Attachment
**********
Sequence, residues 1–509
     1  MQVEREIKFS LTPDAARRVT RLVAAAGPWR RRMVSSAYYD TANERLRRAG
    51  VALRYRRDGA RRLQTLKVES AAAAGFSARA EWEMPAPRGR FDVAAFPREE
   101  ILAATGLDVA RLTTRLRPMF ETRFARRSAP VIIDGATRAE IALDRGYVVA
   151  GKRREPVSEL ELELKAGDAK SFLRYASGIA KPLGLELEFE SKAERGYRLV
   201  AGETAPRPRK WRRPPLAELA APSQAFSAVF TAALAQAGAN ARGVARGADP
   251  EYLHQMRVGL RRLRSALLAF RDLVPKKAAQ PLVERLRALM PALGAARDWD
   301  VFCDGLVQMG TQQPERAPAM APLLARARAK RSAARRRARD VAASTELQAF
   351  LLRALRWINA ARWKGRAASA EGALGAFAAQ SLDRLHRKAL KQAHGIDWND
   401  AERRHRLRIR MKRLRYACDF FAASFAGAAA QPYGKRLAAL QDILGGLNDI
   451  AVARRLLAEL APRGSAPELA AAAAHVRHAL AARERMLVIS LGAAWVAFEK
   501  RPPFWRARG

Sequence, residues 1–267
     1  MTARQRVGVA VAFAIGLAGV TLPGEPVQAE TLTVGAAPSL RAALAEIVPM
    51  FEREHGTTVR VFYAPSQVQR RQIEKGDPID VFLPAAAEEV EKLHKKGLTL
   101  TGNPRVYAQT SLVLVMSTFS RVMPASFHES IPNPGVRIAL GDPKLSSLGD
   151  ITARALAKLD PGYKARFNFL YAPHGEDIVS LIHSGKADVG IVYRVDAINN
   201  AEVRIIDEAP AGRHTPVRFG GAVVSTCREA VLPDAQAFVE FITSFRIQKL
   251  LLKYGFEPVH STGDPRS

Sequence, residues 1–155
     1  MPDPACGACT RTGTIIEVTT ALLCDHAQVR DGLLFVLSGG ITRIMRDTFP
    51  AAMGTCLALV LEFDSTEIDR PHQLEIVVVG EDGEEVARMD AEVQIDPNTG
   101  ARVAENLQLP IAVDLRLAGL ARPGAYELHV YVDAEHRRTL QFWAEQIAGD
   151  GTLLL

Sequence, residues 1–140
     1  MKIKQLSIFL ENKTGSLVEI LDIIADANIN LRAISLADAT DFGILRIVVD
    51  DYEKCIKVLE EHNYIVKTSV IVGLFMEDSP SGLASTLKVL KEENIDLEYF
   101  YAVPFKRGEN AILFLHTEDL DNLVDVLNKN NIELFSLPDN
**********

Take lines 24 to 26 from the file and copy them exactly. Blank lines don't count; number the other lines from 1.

   151  GTLLL

Sequence, residues 1–140
     1  MKIKQLSIFL ENKTGSLVEI LDIIADANIN LRAISLADAT DFGILRIVVD